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Book review: The RegTech Book

August 22, 2019

FinTech has been around for ages and it is starting to shift its focus from digitalisation of money to monetisation of data in the financial sector.

After 2008, compliance has been a major issue for financial companies. Massive increase in regulation and reporting requirements have resulted in governance, risk and compliance (GRC) related costs racking up to 20-30 % of total costs in banks.

Nobody loves compliance. It’s horrible for customers and tedious for the financial institutions. If done in a wrong way it scares away existing and new customers.

Old legacy banking systems and isolated vertical data structures translate into manual labour intensive tasks and parsing of reporting data from multiple sources. This is the opportunity RegTech startups are starting to realise and materialise.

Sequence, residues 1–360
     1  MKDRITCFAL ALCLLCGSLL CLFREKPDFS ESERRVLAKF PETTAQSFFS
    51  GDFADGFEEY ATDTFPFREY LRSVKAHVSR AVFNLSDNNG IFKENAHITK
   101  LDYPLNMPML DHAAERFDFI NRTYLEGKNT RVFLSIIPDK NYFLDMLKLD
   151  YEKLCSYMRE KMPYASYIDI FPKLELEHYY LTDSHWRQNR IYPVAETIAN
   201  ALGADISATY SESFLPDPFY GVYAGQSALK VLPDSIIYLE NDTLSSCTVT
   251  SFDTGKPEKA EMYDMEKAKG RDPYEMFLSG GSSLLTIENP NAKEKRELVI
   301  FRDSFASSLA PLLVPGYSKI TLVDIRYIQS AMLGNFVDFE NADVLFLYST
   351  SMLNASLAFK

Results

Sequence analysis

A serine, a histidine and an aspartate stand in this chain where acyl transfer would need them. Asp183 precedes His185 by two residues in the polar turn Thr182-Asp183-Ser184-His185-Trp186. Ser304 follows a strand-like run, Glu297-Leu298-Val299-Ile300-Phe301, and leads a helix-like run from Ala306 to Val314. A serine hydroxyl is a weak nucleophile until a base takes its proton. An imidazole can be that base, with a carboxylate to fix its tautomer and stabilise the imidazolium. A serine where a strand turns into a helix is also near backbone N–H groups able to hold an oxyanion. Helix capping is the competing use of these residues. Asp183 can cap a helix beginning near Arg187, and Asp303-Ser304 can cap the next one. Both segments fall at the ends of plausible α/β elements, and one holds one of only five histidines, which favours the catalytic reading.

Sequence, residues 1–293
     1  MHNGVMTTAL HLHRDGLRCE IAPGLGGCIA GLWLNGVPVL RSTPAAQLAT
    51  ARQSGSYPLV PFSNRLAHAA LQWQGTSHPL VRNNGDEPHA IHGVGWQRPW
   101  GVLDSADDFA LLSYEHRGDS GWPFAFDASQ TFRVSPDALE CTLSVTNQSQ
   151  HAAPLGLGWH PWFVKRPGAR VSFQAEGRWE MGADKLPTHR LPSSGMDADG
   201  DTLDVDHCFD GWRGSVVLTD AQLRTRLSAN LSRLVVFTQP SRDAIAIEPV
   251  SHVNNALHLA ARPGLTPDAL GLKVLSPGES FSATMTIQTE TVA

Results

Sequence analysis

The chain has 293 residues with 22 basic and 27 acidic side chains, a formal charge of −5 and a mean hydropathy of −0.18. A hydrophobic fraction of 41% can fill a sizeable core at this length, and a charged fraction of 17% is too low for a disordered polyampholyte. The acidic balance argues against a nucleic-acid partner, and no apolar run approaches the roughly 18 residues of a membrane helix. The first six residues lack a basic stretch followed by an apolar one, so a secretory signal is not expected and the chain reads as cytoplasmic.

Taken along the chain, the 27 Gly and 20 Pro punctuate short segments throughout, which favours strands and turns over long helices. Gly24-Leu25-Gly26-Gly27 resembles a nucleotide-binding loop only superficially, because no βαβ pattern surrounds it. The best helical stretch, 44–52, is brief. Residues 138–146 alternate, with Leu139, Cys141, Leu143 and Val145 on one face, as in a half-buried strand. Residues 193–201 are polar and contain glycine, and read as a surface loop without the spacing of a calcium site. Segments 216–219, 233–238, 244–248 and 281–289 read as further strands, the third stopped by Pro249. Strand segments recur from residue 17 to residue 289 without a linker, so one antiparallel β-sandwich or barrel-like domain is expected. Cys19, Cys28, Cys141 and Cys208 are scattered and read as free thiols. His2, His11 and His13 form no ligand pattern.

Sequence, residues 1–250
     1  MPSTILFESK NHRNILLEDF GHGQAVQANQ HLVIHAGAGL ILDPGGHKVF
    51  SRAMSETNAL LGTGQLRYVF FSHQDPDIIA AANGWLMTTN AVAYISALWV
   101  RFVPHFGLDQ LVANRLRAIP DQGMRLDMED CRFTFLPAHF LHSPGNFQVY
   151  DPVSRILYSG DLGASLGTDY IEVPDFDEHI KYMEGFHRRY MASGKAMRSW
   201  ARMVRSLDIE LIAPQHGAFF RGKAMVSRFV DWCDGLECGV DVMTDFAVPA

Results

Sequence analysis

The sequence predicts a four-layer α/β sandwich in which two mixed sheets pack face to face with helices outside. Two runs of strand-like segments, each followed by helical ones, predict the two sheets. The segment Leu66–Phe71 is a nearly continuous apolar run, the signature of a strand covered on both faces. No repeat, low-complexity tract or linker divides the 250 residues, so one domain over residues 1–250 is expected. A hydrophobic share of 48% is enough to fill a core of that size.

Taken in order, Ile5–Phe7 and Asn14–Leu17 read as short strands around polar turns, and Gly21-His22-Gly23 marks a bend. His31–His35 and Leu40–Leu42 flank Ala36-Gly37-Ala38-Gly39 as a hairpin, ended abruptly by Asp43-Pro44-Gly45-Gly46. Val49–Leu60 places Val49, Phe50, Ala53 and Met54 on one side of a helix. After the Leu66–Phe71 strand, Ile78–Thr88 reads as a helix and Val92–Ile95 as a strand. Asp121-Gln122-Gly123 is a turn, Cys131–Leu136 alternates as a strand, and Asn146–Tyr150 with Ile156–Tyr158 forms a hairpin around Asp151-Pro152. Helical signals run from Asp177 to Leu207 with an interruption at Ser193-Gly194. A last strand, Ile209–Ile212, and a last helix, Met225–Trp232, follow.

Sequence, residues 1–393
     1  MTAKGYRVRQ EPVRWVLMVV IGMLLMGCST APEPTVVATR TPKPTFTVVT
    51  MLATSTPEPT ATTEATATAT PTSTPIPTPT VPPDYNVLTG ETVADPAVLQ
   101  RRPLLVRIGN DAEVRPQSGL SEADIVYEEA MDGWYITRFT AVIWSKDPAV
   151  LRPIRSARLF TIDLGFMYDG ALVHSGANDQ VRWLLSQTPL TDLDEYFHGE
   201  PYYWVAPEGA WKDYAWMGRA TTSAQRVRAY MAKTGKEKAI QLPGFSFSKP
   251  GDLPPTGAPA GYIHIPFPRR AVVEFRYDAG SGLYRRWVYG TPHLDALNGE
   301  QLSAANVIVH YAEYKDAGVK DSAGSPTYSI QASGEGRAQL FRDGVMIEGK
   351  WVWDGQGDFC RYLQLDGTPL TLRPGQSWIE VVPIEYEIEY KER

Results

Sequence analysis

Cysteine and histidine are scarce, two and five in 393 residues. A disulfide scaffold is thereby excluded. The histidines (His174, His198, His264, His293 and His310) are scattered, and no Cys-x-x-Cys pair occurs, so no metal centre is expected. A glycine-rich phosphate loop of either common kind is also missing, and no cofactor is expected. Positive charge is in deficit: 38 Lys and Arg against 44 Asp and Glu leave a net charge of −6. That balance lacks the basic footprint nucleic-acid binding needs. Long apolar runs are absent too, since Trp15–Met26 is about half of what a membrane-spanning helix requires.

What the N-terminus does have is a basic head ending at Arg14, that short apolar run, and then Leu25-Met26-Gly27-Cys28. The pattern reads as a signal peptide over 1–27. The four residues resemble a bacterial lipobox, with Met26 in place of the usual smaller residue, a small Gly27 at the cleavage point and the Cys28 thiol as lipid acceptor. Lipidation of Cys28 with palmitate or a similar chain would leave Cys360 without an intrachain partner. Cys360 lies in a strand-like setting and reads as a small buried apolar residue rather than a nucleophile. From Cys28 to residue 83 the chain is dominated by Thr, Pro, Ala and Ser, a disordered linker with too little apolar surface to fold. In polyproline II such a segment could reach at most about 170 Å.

The old ways of doing things do not work anymore. Costs need to come down and productivity gains are expected. Yet, it is still early days and relatively little VC capital has been poured into the sector.

RegTech is a relatively new term that potentially can be used in respect to regulative processes in any sector, not just in the FinTech arena. Its earlier forms have been focused on streamlining compliance and reporting processes, often by means of digitalisation.

The latest trend is to start to see RegTech not just as a cost-centre but also as a means to provide business benefits and gains for the customer and revenue side of the business. Automation can provide valuable business data and improve customer experience if properly realised and understood.

Bank bashing is an easy target for politicians and public authorities since like compliance banks do not have many friends. Yet, even regulators have started to realise in some countries that they cannot just kill the financial companies with GRC without consequences to the overall economic activity and GDP growth.